Planting date row spacing and plant population impacts in wheat
Author: Mick Brosnan & Jo Weier | Date: 25 Feb 2016
Take home message
Yield penalties become increased with delayed planting dates so when faced with the decision to replant, a plant density of low populations can be more successful than replanting. Moisture seeking to plant on time achieves better results than waiting for a rain fall event and planting later than ideal. Narrow row spacing did not make any difference to yield so wide rows are fine if yield expectations don't exceed 3t/ha and provided you can control weeds.
Background & aims
In order to answer questions relating to optimum plant population and planting dates for wheat Mungindi Cropping Group & DAFF initiated a trial comparing various plant populations and row spacings over 2 planting dates. The trial was run over 3 years from 2012 to 2014.
Potential interactions between genotype, maturity, row spacing and planting dates were also looked at.
A series of trials were conducted in 2012, 2013 and 2014, on grey vertosol soils at Bullawarrie, North West of Mungindi. In 2014 an additional trial was conducted at another location south of Mungindi (Greentree). The aim of the trials was to determine timing, row spacing and plant population combinations that achieved the best yield outcome in two standard wheat varieties. Trials comprised four replicates of each treatment combination.
The following are the four treatment groups.
2 X Planting dates
- First week of May and first week of June.
2 X Cultivars (varieties)
- Gregory, main variety in area, long season but can shorten up.
- Baxter 2012, Suntop 2013/2014. Common varieties for area. Good disease package. Slightly shorter season.
2 X Row spacings
- 25cm (10”) and 50cm (20”)
5 X Plant populations
- 7, 15, 30, 50, & 80 plants per meter. (no 7 in 2012)
Figure 1. Full set of analysed means from the across sites analysis of Bullawarrie 2013, Bullawarrie 2014 and Greentree 2014 data. Analysed means of Bullawarrie 2012 are from individual trial analysis, note Baxter cultivar planted in 2012 not Suntop.
* (only have early planting data for 2012 analysed)
In 2012 results indicate the higher densities of plant population showed significantly higher yields than the lower plant populations. The density of 80 plants/m was not significantly higher yielding than 50 plants/m, and 50 plants/m was not significantly higher than 30 plants/m, but all three of these densities showed significantly higher yields than the lowest density of 15 plants/m. The row spacing by cultivar interaction shows that the effect of row spacing is not consistent across the two cultivars. The difference in yields between the 25cm and 50cm row spacing of Baxter showed a greater difference in yield than what was displayed in Gregory.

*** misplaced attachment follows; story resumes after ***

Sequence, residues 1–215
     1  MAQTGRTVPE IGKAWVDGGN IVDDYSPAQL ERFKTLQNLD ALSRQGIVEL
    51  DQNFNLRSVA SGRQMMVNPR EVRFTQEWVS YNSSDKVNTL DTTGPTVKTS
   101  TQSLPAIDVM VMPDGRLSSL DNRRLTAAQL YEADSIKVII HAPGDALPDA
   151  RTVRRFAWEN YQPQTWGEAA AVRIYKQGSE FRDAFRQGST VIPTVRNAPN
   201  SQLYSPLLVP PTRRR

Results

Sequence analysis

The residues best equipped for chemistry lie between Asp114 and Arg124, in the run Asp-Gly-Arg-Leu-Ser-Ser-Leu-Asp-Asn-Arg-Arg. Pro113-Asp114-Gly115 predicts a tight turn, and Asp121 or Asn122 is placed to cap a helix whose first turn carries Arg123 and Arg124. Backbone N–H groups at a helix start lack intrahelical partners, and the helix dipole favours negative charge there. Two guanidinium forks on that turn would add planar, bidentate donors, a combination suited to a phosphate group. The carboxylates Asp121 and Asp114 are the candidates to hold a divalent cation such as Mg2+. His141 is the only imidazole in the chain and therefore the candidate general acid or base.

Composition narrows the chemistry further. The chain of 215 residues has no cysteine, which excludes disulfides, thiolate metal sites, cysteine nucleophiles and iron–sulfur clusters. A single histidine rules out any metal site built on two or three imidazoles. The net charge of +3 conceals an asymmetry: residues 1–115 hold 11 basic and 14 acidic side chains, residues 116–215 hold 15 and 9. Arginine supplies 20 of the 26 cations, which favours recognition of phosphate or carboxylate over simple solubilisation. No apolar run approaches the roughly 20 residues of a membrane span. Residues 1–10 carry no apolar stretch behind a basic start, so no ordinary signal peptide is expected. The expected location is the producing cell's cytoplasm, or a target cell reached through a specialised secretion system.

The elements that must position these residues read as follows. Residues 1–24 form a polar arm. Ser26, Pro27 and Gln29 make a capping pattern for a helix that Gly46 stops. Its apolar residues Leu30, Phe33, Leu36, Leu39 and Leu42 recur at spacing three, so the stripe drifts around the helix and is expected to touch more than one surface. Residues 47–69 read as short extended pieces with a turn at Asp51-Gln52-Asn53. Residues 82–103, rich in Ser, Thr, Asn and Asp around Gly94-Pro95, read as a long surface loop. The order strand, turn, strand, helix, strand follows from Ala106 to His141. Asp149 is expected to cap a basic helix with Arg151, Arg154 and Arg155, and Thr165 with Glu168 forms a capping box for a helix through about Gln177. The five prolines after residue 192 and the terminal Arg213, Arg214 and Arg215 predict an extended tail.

Site by planting time by plant population interaction
Figure 2. Analysed means from the site x planting time by plant population interaction
This interaction shows significantly higher yields in the May planting at the Bullawarrie 2013 and Greentree 2014 trials. Bullawarrie 2014 trial the yield benefit is not as evident.
Within each planting time, there was a significant gain in planting at higher densities as opposed to lower densities. The exception to this was in the early planting at the Bullawarrie 2014 trial, where the highest yield was achieved from the mid-range density (30 plants/m), but it was not significantly different to the lowest (7 plants/m) or highest (80 plants/m) density.
Site by cultivar by plant population interaction
Figure 3. Analysed means from the site x cultivar by plant population interaction
This interaction shows that planting higher densities provided significantly higher yields across cultivars and sites, with the exception of Gregory in the Bullawarrie 2014 trial. For this cultivar at this site the yield at 30 plants/m was significantly higher than the yield at 15 plants/m, other than this, Gregory at Bullawarrie 2014 showed no significant difference in yield across the range of densities.
Cultivar by planting time by plant population by row spacing interaction
Figure 4. Analysed means from the cultivar by planting time by plant population by row spacing interaction
Results suggest that in an early planting of Suntop with low density, the 25cm row spacing would provide a higher yield than the 50cm spacing. The cultivar Gregory did not show the same effect. Apart from this difference in Suntop, there was no significant difference in yield between the 25cm and 50cm row spacings.
Results again suggest the maximum yield would be achieved in high density planting early in the season. Planting later in the season indicated lower yields than early season planting, however, within the later plating time the best gain to be made was still in planting high populations.
The research undertaken as part of this project is made possible by the significant contributions of growers through both trial cooperation and the support of the GRDC, the author would like to thank them for their continued support.
Mungindi Cropping Group
Mb: 0428 532 256
B & W Rural
Mb: 0428 532 143
Varieties displaying this symbol beside them are protected under the Plant Breeders Rights Act 1994
Data was analysed using a linear mixed model method.
GRDC Project code: DAQ00162
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